Notes from the Calif. Crime Writers Conference

CCWC Wrap-up

This weekend I had the pleasure of attending CCWC (the California Crime Writers Conference) for the first time. It was a small, friendly, well-organized conference with interesting presentations, and I’ll surely be back next year. Here are the takeaways:

PEOPLE: The panels were interesting and informative, but the best and most useful result of the conference was meeting people. Writing is isolating, and I tend toward isolation by nature, so this was stretching some unused muscles. In fact, if it were between a Volkswagen full of dinner-plate sized poisonous spiders and introducing myself to someone I don’t know and omg asking them for something, I’d take the spiders.

But alas there were no spiders at CCWC, so I girded my loins and (1) pitched my book idea to three agents (two were very pleasant, one was less pleasant) (2) approached several writers whose work I admire without acting like the gibbering fangirl that I am (3) chatted up someone in the bookstore and inadvertently talked them into buying my book.

I also did some payback and paying forward. There were a few people at the conference whom I had either met years ago, or had only known online, who had been encouraging, kind, and helpful about my writing. I made a point to go up to them, tell them how much their encouragement had meant, and by the way, I sold that book! Take my card! Take it! And when I met writers who were newer on the path, I shared some of my experience (and cautionary tales) that I hope will save them time and trouble.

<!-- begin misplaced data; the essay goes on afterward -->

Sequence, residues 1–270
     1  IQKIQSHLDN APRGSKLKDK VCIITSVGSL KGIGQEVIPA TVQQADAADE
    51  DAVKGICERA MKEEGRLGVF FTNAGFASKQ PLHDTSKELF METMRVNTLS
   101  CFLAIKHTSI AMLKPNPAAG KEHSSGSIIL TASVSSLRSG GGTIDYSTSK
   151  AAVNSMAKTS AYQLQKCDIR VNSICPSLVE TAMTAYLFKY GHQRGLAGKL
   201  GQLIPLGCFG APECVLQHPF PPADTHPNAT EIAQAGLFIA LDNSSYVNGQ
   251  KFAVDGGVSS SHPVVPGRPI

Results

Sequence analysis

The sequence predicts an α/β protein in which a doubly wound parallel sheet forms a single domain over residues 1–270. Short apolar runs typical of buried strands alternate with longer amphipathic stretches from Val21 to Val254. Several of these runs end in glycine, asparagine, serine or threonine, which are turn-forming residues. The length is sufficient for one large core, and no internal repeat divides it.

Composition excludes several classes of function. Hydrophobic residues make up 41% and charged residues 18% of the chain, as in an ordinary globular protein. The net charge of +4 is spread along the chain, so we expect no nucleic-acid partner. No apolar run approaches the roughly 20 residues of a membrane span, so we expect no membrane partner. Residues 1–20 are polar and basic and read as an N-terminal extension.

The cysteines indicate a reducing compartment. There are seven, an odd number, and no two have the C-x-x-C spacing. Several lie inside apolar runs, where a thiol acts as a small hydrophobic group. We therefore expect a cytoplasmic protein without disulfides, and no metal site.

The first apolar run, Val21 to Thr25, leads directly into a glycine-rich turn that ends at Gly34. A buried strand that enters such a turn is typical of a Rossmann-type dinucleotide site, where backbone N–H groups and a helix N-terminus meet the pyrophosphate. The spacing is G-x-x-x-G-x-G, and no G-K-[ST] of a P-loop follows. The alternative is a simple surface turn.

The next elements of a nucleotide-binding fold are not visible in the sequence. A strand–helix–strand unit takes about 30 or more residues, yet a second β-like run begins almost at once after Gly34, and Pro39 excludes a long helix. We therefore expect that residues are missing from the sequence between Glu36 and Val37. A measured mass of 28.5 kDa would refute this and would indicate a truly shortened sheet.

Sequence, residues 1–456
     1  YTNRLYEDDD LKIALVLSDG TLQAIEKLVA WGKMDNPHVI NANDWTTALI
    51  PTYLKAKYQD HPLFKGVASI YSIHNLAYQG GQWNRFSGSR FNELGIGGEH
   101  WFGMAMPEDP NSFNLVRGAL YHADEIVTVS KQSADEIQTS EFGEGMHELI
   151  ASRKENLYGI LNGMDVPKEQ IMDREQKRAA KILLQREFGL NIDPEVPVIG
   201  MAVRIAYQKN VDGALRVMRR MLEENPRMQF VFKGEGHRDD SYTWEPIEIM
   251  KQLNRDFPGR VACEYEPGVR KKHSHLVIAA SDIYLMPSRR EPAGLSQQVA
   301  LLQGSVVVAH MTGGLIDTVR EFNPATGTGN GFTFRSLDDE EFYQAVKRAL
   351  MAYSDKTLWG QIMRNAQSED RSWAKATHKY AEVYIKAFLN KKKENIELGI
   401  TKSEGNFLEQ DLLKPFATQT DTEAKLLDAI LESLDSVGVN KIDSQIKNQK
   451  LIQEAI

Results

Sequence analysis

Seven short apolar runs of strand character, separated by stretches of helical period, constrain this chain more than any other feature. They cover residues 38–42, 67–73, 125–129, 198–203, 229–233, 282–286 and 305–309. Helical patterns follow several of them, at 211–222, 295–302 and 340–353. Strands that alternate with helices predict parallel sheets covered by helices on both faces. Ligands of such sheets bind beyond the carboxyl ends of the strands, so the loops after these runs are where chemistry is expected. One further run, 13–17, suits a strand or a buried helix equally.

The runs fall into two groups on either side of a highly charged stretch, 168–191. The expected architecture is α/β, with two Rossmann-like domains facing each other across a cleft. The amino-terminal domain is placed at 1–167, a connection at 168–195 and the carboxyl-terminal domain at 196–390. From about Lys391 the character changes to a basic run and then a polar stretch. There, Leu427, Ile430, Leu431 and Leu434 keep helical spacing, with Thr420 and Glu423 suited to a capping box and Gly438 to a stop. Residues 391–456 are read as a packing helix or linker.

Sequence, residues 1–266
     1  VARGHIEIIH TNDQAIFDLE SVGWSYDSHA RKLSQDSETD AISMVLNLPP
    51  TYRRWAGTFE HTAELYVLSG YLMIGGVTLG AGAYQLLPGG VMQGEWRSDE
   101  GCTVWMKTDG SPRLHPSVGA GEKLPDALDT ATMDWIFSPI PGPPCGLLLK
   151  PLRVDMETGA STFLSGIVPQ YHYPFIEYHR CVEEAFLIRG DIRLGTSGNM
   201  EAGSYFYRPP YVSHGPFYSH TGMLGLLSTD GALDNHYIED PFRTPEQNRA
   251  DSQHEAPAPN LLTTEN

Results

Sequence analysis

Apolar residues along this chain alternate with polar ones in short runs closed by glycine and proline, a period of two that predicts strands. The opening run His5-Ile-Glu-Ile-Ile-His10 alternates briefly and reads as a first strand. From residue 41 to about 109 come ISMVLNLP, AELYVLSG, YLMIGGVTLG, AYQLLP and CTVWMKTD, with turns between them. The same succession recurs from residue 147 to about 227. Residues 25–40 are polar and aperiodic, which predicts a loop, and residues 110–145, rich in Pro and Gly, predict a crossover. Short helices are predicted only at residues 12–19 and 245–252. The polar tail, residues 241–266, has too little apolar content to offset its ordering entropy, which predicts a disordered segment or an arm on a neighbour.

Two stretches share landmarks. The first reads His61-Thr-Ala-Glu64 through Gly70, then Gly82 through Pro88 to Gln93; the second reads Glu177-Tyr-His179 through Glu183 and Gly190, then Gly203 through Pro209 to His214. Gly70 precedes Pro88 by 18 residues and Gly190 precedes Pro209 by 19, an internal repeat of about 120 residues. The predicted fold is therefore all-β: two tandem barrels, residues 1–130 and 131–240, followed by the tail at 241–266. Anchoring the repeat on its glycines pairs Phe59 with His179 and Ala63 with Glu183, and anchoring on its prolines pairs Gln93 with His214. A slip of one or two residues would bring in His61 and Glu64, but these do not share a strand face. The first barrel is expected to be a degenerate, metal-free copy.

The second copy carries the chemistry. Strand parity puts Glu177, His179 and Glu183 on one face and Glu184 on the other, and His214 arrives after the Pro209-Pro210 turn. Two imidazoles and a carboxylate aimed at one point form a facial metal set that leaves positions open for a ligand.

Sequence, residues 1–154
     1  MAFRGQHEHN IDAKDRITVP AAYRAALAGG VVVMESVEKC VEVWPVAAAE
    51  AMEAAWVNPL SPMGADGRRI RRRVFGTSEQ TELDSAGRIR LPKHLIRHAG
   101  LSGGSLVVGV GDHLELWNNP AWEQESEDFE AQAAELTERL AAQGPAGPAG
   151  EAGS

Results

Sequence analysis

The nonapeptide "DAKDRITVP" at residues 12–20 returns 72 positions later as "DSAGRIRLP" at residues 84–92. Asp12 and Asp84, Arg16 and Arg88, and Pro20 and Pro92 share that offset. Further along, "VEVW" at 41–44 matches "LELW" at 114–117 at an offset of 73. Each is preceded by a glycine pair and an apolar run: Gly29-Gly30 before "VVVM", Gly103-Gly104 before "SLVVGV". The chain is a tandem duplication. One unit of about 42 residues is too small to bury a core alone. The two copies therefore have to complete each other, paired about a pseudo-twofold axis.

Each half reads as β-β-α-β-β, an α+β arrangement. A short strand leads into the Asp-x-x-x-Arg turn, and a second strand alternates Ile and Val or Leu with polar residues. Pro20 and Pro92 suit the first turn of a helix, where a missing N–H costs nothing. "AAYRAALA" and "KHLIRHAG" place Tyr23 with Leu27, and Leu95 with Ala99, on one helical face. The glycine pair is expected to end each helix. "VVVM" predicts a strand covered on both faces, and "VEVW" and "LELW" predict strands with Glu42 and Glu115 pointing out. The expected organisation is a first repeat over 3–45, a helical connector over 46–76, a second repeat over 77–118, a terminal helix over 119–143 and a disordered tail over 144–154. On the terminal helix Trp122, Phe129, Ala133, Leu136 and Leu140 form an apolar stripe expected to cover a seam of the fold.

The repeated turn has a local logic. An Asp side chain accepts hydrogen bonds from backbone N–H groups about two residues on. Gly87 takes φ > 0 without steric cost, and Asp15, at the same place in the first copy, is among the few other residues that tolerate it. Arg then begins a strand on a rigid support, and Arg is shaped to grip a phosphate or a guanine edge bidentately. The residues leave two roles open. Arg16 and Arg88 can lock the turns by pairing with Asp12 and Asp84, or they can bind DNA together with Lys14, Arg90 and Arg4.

Keynote speaker Anne Perry (who sat right next to me for half an hour and God help me, even though I’ve read her books I did not recognize her face) reflected on why crime writers are such nice people (because we take out our aggressive impulses on fictional characters), and it’s true. To a person, everyone I met was lovely.


“Be professional, be polite, but have a plan to kill everyone in the room if you have to.” – Rich Lopez, L.A. Sheriff’s Department (lecture on Prison Gangs & the Mexican Mafia)

“Show up every day. Finish a book.” –Charlaine Harris

“Because I have the ability to look at this stuff every day and deal with it, I consider it my duty to do so.”

– Professor and criminologist Donald Johnson, during his excellent lecture on forensic investigation. (It was an outstanding lecture, but I don’t think he realized that his audience would be largely women—many with children—when he decided to show horrifically graphic slides of unspeakable things that had been done to a child murder victim. And this is why I write about fictional crimes instead of investigating real ones.)

MY PANEL: I was part of a lively panel on historical fiction. The panel was moderated by the inimitable Rosemary Lord, who did a magnificent job coming up with interesting questions, and keeping everything moving on time. I was also pretty psyched that the room was full, as the last historical panel I was on, there was one less audience member than people on the panel. I did not gibber, ramble, lose my train of thought, cough excessively into the microphone, or otherwise make an ass of myself—or if I did, people were too kind to mention it to my face =)

FINDING MY PLACE AND FOCUS: The conference left me with the overall impression of just how vast the field of writing is. There are unpublished writers, self-published writers with teeny distribution, self-published writers with wild success, traditionally published writers of different standings, agented, non-agented—and all with different experiences and expertise. The different directions in which one can take her career seem endless.

In the end, I managed to answer the one question I’d hoped the conference would help me with—what’s the next step? I formed a vision and a plan. Now to carry through.

Published by jfaraday

Jess Faraday is an award-winning author of historical suspense.

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